Any film that wins Best Picture should not only have an emotional impact, but should be as well-made as possible. Daniels previously impressed audiences with their music videos — including the one for DJ Snake & Lil Jon’s “Turn Down For What,” which featured impressive visual effects, tight editing, and a unique visual language — and their feature directorial debut, “Swiss Army Man,” in 2016. “Everything Everywhere All At Once” expands upon the kinetic, colorful visual language of their earlier work, making the multiverses into stunning wonderlands. Inventive storytelling like this pushes the medium of cinema forward, and it’s so exciting to see an awards show as prestigious as the Oscars pay attention. I was concerned that it would be “too weird” to earn a nomination, especially for Best Picture, but this strange, surreal movie is just too good for even the snootiest, most old-fashioned of Oscar voters to ignore.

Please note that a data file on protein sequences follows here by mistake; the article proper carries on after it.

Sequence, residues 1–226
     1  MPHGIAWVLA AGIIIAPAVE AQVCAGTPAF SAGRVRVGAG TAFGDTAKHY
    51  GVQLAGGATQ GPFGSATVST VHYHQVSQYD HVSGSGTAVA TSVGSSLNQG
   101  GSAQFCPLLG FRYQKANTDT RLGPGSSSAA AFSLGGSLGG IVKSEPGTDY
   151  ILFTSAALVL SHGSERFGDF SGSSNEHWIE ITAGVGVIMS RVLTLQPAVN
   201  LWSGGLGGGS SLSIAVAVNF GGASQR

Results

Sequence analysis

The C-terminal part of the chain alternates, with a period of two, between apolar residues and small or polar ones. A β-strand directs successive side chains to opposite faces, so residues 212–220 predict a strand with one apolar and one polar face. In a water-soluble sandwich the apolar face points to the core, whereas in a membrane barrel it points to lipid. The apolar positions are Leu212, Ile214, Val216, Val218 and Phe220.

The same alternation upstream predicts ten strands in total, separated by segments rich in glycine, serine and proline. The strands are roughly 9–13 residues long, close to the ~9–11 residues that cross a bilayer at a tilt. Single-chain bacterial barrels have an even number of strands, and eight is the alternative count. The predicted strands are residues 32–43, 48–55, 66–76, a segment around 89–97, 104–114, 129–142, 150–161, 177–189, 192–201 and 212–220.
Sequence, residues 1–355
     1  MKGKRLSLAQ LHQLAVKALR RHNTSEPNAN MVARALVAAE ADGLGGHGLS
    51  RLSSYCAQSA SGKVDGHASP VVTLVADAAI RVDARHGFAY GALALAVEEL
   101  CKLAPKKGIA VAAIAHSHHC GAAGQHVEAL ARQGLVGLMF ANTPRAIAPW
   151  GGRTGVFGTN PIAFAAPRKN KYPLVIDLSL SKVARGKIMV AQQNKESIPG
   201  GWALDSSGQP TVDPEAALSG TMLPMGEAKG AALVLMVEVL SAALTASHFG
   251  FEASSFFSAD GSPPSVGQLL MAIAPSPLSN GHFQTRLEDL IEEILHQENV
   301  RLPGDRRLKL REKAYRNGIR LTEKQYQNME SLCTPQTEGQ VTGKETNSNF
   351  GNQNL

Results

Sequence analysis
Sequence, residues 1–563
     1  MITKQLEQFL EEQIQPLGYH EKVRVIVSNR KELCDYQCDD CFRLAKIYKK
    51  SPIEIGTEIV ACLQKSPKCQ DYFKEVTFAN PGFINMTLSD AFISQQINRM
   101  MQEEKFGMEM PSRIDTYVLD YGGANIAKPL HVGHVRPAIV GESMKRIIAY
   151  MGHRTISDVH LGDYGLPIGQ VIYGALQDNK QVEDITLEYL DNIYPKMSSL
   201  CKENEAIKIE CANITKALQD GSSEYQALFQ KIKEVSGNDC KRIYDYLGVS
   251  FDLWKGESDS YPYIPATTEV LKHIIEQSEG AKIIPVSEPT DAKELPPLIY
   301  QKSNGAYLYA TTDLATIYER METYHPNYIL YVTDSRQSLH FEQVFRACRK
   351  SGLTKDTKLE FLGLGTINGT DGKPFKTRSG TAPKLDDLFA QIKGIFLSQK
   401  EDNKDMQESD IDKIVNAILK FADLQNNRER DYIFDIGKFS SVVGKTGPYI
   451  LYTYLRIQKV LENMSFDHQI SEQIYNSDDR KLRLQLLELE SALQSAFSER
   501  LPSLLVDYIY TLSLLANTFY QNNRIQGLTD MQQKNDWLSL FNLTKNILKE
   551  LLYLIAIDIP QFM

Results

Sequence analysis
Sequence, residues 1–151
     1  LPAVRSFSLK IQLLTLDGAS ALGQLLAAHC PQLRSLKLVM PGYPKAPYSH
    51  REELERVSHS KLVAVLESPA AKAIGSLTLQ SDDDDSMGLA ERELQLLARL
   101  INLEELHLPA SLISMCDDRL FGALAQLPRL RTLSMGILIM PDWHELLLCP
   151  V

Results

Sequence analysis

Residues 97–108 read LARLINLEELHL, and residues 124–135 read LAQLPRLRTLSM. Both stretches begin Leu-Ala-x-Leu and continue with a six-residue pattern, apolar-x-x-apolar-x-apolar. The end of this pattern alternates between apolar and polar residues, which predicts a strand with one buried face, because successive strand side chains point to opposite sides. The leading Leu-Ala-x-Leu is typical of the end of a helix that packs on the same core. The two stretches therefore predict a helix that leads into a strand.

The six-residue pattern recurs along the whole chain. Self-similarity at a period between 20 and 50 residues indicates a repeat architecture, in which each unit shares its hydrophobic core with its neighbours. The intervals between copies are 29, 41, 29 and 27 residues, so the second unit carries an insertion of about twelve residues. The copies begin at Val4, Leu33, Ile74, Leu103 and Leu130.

Every aspect of “Everything Everywhere All At Once” is excellent, from the chaotic cinematography to the pitch-perfect performances. Michelle Yeoh, Stephanie Hsu, Jamie Lee Curtis, and Ke Huy Quan have all been nominated for Oscars in the acting categories, and every nomination is deserved. The actors in this film had to not only portray their character, but multiple versions of that character, and they managed to imbue each of them with humanity — even when they have hot dogs instead of fingers.